First, crews needed to build a shaft from which to launch the TBM on its underground mission. Teledippers, excavators with 30-metre telescopic arms and clamshell buckets, made initial headway. Then, Pomerleau-Bessac General Partnership used an FM Gru 2560 TCK tower crane able to lift 10 tonnes up to a radius of 18 metres to remove rocks and sludge from the shaft’s lowest reaches which the excavators couldn’t access.
The TBM arrived in pieces on board nearly two dozen trucks, and crews used a variety of mobile cranes ranging from 50 tons to a 500-ton Liebherr LTM 400-7-1 to begin assembly, tilt and place larger sections inside the shaft, and then complete the assembly down below.
“The biggest parts were five-metre-diameter pieces weighing up to 110 tonnes,” said Guillaume Roux, deputy project manager with Bessac.
Crews also used 200-ton and 250-ton crawler cranes in tandem to preassemble TBM shield components while the machine was still on the surface. Down below, the Liebherr LTM 400-7-1 helped with assembly at the outfall shaft and, as work proceeds, will help retrieve the TBM shield at the effluent shaft and reassemble the TBM at the outfall shaft to work on the second section of tunnel.
As tunnelling proceeds, crews are using the tower crane, working within an 18-metre radius to lower precast concrete ring sections weighing eight to nine tonnes to solidify and strengthen the tunnel interior and thus maintain its long-term integrity. The tower crane is also handling six-metre-long, 10-inch diameter pipes the TBM uses to dispatch muck and other slurry waste up to the surface for disposal. Materials are carried from the shaft to the TBM by underground battery locomotives.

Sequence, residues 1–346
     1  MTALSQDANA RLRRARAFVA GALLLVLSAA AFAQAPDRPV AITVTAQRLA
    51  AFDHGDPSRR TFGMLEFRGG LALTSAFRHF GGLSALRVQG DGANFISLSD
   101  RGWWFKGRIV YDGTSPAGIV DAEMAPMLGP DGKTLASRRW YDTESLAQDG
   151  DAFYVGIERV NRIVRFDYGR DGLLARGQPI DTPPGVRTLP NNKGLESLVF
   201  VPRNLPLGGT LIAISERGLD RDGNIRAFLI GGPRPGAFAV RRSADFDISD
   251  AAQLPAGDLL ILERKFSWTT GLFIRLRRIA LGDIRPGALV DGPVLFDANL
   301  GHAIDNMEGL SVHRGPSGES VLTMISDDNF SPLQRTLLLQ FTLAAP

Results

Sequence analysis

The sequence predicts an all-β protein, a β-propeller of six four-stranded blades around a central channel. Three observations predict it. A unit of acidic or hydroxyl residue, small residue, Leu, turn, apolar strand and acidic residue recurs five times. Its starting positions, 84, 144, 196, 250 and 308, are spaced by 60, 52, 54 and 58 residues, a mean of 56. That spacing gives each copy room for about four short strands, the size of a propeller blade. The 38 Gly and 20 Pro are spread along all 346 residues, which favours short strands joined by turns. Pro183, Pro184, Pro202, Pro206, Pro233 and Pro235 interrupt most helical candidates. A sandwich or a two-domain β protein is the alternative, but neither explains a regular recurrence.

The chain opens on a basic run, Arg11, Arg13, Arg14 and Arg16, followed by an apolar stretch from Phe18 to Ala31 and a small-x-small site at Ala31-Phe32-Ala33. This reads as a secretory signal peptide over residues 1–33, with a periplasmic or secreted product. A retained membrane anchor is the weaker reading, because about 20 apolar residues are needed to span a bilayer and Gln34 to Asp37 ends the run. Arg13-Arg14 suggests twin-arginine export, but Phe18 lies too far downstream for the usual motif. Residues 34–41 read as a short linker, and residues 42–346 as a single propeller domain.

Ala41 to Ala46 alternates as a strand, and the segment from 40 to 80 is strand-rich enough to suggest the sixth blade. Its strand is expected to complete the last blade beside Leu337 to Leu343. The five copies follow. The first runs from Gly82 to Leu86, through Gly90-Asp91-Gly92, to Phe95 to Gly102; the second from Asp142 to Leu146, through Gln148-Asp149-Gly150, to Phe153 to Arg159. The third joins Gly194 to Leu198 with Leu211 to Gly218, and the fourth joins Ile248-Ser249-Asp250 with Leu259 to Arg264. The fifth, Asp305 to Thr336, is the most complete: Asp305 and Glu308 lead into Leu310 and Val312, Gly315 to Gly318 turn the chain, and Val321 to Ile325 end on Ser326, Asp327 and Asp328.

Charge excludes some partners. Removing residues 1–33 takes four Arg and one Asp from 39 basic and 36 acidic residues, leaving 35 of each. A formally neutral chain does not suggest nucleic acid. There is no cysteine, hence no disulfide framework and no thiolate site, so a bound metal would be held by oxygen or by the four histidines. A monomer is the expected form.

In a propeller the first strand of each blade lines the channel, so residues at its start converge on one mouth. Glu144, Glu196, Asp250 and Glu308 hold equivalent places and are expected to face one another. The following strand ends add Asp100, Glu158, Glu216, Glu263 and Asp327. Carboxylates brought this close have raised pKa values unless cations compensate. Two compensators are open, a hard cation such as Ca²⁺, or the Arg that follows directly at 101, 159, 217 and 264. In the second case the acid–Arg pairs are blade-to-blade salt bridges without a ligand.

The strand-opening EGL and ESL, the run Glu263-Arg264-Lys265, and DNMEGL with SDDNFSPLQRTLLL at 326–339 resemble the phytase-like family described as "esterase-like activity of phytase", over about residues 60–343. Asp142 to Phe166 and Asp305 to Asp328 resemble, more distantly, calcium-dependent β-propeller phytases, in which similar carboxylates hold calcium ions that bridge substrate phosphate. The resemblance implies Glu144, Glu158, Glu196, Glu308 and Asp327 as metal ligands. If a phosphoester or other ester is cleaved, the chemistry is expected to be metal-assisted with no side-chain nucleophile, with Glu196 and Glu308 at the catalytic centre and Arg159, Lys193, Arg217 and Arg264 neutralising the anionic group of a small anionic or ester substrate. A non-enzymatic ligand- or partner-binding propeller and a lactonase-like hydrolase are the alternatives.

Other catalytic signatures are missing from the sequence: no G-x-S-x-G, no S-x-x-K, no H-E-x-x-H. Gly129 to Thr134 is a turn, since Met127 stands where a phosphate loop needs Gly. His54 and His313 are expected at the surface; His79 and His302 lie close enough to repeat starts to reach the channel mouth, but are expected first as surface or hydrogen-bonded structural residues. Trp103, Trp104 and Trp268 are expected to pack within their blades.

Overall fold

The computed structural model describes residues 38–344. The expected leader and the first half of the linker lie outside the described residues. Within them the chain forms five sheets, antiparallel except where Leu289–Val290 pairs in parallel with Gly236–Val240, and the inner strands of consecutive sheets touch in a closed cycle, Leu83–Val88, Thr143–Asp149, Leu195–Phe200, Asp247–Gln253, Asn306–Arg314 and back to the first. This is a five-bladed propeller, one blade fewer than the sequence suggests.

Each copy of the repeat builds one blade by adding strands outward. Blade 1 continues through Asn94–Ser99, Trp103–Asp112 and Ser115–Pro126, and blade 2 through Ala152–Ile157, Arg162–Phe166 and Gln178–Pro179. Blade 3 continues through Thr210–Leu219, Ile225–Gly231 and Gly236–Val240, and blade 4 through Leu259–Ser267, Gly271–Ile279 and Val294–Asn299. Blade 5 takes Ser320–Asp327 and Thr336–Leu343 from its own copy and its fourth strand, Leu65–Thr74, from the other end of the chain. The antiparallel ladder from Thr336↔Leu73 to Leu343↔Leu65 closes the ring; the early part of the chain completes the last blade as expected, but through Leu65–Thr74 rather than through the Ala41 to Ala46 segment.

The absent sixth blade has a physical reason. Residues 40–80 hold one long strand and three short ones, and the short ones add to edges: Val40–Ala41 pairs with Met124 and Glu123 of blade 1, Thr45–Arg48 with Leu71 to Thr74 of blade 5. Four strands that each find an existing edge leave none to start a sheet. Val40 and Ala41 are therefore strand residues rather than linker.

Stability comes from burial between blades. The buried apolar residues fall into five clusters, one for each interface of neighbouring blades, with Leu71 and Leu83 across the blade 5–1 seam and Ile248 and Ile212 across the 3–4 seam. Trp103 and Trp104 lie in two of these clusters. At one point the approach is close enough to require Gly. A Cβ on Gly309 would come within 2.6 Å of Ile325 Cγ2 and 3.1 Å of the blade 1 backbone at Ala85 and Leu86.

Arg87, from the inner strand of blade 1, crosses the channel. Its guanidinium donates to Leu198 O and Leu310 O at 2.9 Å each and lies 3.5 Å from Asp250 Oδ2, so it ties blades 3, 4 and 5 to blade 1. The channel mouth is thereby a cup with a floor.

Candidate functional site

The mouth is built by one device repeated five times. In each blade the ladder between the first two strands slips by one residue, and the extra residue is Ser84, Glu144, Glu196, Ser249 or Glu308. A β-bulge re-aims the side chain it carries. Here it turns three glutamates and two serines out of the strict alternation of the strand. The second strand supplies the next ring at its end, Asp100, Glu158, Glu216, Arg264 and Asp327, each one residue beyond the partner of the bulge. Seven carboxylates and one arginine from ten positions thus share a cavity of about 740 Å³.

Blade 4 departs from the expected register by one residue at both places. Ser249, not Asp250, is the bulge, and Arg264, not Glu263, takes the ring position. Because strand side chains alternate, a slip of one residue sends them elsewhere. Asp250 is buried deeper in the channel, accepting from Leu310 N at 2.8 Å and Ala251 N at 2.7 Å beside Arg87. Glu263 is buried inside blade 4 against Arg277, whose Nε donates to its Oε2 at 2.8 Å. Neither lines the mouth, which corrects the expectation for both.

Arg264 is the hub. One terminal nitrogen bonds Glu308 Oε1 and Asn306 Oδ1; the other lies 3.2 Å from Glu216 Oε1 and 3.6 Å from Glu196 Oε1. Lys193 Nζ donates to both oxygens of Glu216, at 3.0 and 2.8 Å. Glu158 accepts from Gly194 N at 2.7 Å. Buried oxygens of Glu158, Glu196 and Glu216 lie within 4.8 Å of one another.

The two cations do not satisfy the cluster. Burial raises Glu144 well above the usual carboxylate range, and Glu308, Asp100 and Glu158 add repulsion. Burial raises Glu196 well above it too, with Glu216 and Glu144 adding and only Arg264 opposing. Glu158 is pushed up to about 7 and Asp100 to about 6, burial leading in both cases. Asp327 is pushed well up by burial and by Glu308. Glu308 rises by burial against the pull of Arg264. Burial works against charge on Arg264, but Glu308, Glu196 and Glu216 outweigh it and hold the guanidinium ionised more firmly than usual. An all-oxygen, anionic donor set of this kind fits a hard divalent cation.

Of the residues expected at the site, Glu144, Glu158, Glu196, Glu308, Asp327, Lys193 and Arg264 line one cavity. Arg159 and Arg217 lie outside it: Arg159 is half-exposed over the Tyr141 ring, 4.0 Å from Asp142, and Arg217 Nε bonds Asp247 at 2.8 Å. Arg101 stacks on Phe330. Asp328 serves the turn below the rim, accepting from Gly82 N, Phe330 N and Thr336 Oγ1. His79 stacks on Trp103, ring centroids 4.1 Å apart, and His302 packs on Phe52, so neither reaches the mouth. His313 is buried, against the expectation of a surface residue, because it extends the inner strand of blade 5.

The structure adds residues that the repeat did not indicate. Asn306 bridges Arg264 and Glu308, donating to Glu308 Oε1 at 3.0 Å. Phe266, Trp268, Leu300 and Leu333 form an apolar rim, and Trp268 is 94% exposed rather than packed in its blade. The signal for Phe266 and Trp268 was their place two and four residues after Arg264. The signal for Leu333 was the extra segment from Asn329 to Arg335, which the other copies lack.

This kind of lifting required nearly a year of pre-engineering and had considerable impact on the shaft design itself.
“We had to be very accurate to tilt those pieces (of the TBM),” Roux said. “The machine is worth something like $10 million, so you don’t want to break it.”
Hoisting capacity of local cranes
Project managers also needed to consider the hoisting capacity of locally available cranes when selecting the TBM because procuring cranes locally is much less costly than shipping them from elsewhere.
“The idea was to have a maximum size and weight of components so that we could manage those lifts with cranes (available) here in BC,” Roux said.
Crews also used the crawlers to assemble a temporary slurry treatment plant for processing the sand and muck the TBM is dredging while building the tunnel.
“It’s kind of like assembling a small factory,” Roux said. “The plant looks like an industrial warehouse and is nearly as complex as the TBM itself.”